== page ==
Did You Know?
Magellanic penguins are named after Ferdinand Magellan who first discovered them in 1519.
For the past 5 years Potter Park Zoo has been participating in the Species Survival Program (SSP) for the Puerto Rican Crested Toad. The Puerto Rican Crested Toad is listed as Threatened by the US Fish and Wildlife Service and is the only Native species of toad found in Puerto Rico.
Every year we undertake the difficult task of getting these toads to breed in captivity. Prior to breeding we get recommendations from our SSP Coordinator regarding which toads are to be bred. This ensures that all zoos participating in the program do their part and help to maintain genetic diversity in the breeding population.
The process by which we get the toads to breed is a very delicate task and our goal is to replicate the rainy season found in the spring and fall in Puerto Rico. We begin by cooling the toads down to 66 degrees Fahrenheit and leaving them in this moist, cool environment for a month. We check on them daily but they spend most of this time hibernating. The cool temperatures are necessary for good egg development in our female toads.
After the cooling process, it’s time to wake them up! We heat their room to 82 degrees Fahrenheit over the course of just three days and then spend a week feeding them and giving them anti-fungal baths to prevent the spread of Chytrid (a fungus that is very dangerous and responsible for killing off multitudes of amphibians world wide) to the eggs and tadpoles.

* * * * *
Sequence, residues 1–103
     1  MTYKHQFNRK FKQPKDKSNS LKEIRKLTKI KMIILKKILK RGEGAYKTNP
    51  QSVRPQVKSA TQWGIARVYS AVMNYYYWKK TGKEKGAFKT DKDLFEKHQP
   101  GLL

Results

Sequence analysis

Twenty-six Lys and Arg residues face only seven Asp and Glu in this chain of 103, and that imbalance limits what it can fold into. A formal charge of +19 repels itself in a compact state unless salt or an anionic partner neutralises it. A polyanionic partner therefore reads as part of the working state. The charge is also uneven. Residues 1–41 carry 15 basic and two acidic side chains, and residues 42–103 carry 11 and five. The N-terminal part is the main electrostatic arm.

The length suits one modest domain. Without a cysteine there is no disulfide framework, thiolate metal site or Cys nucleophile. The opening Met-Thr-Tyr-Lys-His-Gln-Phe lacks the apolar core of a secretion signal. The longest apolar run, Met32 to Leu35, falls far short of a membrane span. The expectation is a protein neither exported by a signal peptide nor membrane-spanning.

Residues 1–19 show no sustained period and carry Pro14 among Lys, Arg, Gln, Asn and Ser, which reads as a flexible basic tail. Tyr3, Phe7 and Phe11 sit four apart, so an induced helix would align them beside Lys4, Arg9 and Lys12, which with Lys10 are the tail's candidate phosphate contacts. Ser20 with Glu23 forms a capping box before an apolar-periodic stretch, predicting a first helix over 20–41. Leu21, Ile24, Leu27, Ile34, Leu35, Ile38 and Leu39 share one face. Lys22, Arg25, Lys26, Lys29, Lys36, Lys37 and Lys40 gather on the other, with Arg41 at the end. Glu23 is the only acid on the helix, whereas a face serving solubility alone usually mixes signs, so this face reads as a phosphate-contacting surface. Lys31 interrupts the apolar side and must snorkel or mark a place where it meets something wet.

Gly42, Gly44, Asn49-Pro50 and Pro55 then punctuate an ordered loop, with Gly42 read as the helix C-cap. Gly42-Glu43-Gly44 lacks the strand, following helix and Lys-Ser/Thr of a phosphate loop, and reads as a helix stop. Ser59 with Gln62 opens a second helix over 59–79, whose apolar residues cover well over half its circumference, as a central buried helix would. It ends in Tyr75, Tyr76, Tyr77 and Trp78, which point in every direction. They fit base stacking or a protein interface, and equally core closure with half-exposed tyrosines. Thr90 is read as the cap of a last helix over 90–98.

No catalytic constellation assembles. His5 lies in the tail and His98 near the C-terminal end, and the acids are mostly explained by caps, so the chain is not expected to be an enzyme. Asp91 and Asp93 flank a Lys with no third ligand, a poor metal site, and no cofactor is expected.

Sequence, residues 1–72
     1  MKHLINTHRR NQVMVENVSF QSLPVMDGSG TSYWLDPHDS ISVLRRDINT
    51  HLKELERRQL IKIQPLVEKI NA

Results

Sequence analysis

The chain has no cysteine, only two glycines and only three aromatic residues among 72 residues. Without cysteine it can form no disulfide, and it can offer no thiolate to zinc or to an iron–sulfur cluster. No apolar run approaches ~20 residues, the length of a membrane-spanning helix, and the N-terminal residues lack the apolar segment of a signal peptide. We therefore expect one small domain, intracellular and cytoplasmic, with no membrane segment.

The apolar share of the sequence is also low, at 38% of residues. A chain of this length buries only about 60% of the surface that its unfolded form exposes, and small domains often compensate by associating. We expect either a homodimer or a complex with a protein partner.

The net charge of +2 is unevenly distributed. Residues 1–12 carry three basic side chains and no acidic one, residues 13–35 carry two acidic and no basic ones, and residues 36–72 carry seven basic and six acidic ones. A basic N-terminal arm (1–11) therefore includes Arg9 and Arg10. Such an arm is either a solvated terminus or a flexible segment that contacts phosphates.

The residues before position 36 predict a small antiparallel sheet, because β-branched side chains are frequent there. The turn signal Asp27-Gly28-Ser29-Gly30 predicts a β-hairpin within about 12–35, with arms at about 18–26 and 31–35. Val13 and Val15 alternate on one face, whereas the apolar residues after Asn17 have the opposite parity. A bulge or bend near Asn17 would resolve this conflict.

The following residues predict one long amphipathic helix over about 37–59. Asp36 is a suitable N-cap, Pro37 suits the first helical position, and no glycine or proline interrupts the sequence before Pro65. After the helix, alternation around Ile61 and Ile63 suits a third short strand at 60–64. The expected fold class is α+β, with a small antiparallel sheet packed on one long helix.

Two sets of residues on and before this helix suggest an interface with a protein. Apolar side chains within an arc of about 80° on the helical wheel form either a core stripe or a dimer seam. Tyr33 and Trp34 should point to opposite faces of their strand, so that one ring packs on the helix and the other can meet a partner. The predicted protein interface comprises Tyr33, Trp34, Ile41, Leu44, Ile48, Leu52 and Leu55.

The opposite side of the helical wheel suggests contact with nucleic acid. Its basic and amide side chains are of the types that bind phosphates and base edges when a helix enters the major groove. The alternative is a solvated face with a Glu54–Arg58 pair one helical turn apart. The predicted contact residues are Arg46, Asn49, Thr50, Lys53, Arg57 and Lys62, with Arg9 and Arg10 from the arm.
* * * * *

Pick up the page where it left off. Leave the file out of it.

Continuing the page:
Next we place the toads, split into their recommended pairings, into a specially made rain tank simulating natural conditions in the wild. Due to difficulties in captive breeding we have to inject our toads with a hormone to assist with egg and sperm development. During this time we play their breeding call until the toads amplex and eggs are laid. Then we cross our fingers and wait.
This past round of breeding yielded up nearly 1200 tadpoles when all was said and done. We shipped these tadpoles to Puerto Rico so that they could be released into the wild and help bolster the wild population. Some years we hold a few back to raise to adulthood so that they can enter the captive breeding population and help maintain genetic diversity.
Though we have a protocol to follow, over the years, we’ve found that some very simple things make a large difference in the breeding of the Puerto Rican Crested Toad. Water temperatures, adult toad diet, tadpole diet and method of cooling/heating have all needed to be tweaked to fit our zoo and our circumstances. We are super excited to have been so successful this time around and we are looking forward to continued success!